Crowdsourcing CPR? Scaling the Good Samaritan

Crowdsourcing CPR

The use of smartphone-based tools to manage your health has gotten a lot of attention over the past few years. There are a lot of apps out there to get you to move more, eat better, keep track of your medicines, and monitor your blood pressure. In fact, the American Heart Association recently published a detailed scientific statement on how the use of mobile health tools can be used to prevent heart disease.

In addition to these self-care tools, we have also seen another trend — the development of smartphone apps to enable good Samaritans to come to the rescue when a complete stranger is in need.

Consider cardiac arrest, which is when someone’s heart stops. One of the most critical treatments that victims of cardiac arrest need is good CPR. Only 7% of people who have an out-of-hospital cardiac arrest will survive and every minute that passes without CPR reduces those already slim chances.

Many of the patients for whom I have cared have not been fortunate enough to have someone nearby who knew how to do CPR. Even when there was someone, it was often a distressed family member who, in all likelihood, was too traumatized and scared to do it correctly. This is where PulsePoint comes in. PulsePoint is a San Francisco based nonprofit which helps get willing volunteers with CPR training to the victims of cardiac arrest.

Here is how it works. When the emergency response center gets a call that that they recognize as a cardiac arrest, they activate an emergency response team. Simultaneously, the call goes out on PulsePoint. Nearby volunteers get an alert with the location of the person in need and directions to get there.

According to PulsePoint President Richard Price, volunteers have not only started CPR but have also provided support and encouragement for others at the scene. Not infrequently, he added, multiple volunteers will respond to the same call. Right now PulsePoint only works if the call comes from a non-residential location, presumably for safety and privacy reasons.

These types of systems have been shown to be effective. A study in Sweden looked at what happened when they deployed a similar system in one large city. By the end of the study, they had signed up over 10,000 volunteers. Like PulsePoint, this system could be activated when a call came in to the emergency response center. Researchers looked at what happened when they activated their smartphone based Good Samaritan system versus when they did not and they found that this system could significantly increase the rates of bystander CPR, from 48% to 62%.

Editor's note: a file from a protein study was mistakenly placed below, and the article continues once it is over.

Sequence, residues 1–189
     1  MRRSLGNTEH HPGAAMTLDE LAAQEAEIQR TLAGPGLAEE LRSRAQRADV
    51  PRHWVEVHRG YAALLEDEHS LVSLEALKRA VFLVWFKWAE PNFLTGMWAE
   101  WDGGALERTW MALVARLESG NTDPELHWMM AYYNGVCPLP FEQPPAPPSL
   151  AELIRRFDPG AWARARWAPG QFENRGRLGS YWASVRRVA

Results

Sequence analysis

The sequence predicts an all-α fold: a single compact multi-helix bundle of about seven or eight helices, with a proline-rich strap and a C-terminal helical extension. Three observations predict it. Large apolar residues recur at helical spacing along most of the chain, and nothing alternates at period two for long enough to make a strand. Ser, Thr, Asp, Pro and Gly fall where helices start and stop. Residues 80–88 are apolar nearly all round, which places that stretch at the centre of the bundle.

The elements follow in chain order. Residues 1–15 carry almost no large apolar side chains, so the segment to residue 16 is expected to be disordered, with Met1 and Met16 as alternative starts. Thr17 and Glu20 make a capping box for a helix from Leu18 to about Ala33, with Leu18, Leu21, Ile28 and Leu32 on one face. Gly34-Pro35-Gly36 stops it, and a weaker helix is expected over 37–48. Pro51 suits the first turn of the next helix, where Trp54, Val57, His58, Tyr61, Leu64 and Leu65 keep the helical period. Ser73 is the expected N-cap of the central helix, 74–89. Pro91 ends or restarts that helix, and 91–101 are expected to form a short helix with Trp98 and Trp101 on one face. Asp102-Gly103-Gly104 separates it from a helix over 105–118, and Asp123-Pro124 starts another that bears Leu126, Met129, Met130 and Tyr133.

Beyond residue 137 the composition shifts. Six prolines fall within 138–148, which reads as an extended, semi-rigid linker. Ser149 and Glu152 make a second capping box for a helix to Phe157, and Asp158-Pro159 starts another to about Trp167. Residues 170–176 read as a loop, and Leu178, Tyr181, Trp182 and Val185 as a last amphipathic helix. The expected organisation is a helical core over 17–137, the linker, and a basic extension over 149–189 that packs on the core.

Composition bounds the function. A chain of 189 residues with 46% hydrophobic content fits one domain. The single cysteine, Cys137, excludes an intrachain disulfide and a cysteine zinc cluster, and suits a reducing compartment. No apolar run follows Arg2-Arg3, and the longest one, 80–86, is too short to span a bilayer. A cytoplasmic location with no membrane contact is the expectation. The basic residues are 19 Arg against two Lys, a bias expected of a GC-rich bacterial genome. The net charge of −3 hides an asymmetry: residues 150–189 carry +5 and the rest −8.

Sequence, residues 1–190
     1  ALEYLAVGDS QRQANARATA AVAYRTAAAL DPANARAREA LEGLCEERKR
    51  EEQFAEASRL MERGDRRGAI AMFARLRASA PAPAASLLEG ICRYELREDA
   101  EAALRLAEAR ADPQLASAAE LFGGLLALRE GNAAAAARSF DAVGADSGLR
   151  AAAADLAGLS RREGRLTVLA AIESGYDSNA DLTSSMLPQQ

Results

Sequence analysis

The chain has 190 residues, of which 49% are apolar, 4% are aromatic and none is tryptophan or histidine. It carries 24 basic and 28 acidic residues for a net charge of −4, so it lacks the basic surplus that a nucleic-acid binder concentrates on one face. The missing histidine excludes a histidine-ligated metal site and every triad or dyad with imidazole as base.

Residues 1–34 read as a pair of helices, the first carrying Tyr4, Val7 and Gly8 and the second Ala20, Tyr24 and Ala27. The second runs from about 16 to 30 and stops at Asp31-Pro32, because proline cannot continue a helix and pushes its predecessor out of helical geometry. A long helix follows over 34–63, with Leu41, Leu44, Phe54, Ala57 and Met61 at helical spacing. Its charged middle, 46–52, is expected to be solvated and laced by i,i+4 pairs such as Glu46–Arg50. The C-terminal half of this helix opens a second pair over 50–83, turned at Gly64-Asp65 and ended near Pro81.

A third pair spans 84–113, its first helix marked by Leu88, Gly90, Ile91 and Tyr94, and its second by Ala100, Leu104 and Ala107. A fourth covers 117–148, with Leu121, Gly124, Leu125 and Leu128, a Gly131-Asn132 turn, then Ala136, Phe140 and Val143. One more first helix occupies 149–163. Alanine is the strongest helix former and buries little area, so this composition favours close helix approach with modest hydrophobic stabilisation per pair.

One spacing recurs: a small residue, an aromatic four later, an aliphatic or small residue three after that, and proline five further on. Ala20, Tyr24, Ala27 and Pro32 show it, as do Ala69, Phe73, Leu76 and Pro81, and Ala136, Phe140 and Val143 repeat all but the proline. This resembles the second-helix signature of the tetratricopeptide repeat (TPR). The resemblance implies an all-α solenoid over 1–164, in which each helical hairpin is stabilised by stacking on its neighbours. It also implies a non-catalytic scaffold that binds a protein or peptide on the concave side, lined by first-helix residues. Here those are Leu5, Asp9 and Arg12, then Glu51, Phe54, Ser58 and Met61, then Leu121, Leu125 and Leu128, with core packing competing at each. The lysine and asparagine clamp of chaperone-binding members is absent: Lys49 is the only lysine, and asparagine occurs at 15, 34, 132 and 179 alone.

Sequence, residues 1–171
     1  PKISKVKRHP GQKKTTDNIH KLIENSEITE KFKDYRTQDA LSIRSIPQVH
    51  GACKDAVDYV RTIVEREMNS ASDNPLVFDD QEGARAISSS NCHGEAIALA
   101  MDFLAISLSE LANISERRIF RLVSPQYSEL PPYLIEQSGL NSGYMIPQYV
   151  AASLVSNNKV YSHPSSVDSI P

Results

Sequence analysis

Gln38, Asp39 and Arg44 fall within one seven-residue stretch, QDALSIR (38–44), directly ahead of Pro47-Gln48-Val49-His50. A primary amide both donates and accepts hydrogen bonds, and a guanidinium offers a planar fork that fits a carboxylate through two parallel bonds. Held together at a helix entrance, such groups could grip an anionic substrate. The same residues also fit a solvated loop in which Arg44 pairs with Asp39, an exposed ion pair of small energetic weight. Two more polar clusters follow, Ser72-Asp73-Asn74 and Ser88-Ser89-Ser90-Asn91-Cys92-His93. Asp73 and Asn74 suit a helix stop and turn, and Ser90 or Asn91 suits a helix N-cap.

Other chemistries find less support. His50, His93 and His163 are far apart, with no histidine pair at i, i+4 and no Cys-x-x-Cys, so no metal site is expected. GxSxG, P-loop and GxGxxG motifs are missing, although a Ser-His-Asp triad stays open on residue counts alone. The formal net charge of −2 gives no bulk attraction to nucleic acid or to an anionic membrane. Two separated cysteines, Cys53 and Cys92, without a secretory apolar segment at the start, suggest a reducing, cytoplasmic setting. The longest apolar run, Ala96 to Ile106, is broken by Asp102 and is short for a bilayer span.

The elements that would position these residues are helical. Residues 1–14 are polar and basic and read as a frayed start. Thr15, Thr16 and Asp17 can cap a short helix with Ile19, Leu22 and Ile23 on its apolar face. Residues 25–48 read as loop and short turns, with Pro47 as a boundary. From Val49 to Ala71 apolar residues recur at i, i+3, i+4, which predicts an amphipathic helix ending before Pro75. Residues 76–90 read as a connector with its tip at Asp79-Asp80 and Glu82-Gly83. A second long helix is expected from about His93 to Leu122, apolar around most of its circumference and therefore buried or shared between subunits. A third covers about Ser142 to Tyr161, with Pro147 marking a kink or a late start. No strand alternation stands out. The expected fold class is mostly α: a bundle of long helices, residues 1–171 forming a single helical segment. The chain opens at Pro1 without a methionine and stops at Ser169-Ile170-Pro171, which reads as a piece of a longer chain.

According to Mr. Price, PulsePoint recruits heavily among first responders and trained healthcare professionals whenever they are getting started in a new city.

As a result, the majority of PulsePoint volunteers have professional training or experience in emergency response. However, any volunteer with CPR training can sign up.

There are some challenges to deploying a system like this in the United States in comparison to Sweden, namely that we have a very fragmented emergency response system. Each city or county has its own emergency response center with its own protocols and its own computer system. According to Mr. Price, now that PulsePoint has figured out how to connect with all of the major software vendors, he expects expansion to pick up. In fact, they plan to roll out in several cities and counties across the country in coming months.

In recent years, we’ve seen a lot of attention on training people in effective CPR. Part of the reason is that out-of-hospital cardiac arrest is an incredibly difficult problem; it’s a condition where seconds matter but help is often many minutes away. Training more and more people in CPR will make it more likely that there will be a bystander who knows CPR.

These days we crowdsource everything - product reviews on Amazon, earthquake detection in California, and even the search for extraterrestrial life. Why not crowdsource CPR? 

This article was contributed by Dr. Satish Misra, a cardiology fellow at the Johns Hopkins Hospital the Executive Editor of where physicians and health professionals review of health apps and digital health tech.

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